Today was the annual shareholder meeting for Monsanto Company. I’ve been to several of these before, both here at Monsanto and for other companies. I can remember the first one I went to… it really didn’t match my expectations. I’m not sure what I expected – maybe something like the excitement in “Mr Deeds.”
Although I like to know how the business is doing and how shareholders voted on topics in front of them, the central part of the meeting for me has been participation of farmers. Maybe that’s because I’m working here everyday and feel like I have a really good feel for what we are doing in the business, but there is always so much to learn in talking to customers.
There are various groups of customers who advise our business. And for the last several years, some of those groups have coordinated meetings to go along with the annual meeting. This year was no different.
Hugh Grant, Monsanto’s chairman, president and chief executive officer, introduced each of them. There were nine farm families recognized today and they produce 13 different crops – corn, soybeans, cotton, wheat, canola, cattle, turkeys, timber, barley, field peas, sunflowers, potatoes and rice! After each was recognized individually, Hugh said “thank you for all you do to put food on our tables.”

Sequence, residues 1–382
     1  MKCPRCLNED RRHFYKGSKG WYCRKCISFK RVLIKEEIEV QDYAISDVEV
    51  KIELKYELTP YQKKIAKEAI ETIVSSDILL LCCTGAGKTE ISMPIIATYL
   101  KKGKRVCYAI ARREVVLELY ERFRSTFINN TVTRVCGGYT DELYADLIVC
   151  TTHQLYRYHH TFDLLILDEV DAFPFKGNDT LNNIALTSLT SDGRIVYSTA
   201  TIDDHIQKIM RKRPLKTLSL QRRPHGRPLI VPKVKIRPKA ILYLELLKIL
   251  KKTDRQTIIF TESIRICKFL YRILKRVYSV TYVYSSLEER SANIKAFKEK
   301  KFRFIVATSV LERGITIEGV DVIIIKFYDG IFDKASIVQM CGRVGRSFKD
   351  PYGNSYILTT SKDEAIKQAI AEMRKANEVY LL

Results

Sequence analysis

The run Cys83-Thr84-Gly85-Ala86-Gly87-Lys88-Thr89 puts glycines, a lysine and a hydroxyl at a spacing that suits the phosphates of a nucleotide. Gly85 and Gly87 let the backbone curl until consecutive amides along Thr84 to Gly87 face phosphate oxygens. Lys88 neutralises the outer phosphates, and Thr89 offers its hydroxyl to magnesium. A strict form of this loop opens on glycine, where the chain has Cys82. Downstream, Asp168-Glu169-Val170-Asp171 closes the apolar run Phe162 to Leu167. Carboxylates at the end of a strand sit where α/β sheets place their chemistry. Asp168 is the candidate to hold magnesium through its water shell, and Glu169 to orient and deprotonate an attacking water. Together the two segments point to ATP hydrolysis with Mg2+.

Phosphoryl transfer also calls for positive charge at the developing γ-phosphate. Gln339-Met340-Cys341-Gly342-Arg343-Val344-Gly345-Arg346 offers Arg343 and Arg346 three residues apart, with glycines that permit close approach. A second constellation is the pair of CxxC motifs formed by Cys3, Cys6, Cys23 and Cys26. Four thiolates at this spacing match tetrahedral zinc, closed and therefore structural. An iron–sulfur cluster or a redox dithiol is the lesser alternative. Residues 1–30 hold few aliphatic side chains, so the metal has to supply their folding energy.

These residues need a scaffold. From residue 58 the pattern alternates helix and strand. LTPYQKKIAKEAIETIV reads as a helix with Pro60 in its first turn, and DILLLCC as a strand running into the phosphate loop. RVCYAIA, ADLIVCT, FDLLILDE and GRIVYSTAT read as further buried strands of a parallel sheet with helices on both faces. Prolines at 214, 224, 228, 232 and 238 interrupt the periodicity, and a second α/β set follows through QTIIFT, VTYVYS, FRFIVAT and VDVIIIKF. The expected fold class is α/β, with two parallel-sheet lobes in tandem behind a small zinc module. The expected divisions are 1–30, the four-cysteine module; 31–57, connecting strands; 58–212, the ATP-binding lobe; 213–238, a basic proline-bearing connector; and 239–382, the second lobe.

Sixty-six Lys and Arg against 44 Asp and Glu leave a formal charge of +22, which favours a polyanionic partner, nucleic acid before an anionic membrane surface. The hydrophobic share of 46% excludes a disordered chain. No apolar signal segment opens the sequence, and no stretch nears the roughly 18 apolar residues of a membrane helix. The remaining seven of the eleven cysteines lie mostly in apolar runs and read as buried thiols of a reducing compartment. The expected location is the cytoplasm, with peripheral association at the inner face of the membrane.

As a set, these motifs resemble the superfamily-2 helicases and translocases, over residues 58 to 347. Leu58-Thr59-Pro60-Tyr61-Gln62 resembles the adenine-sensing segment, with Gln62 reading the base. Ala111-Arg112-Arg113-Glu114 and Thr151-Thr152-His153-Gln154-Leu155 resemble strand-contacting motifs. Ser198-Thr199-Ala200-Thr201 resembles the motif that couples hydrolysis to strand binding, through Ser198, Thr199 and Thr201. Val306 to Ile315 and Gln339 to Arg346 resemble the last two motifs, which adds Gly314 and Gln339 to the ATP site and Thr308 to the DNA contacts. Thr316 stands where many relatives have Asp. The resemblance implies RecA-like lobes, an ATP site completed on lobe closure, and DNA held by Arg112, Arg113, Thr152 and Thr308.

The business portion of annual shareholders meetings is there are decisions that all shareholders have a voice in and all shareholders should be updated on what’s happening in the business. A lot of that is done between the time that the proxy and the annual reports are mailed out to shareholders, but the annual meeting still plays a role in providing that in-person visit.
Today’s meeting covered several decisions where votes were put in front of the company’s shareholders. Straight-forward votes like electing board members to new four-year terms went forward without discussion. There was some discussion from people who had questions about things that are going on in the company and some of the matters currently discussed in the public eye.
I’d love to hear from any of you who have been to annual meetings for publicly-held companies. Does this sound familiar?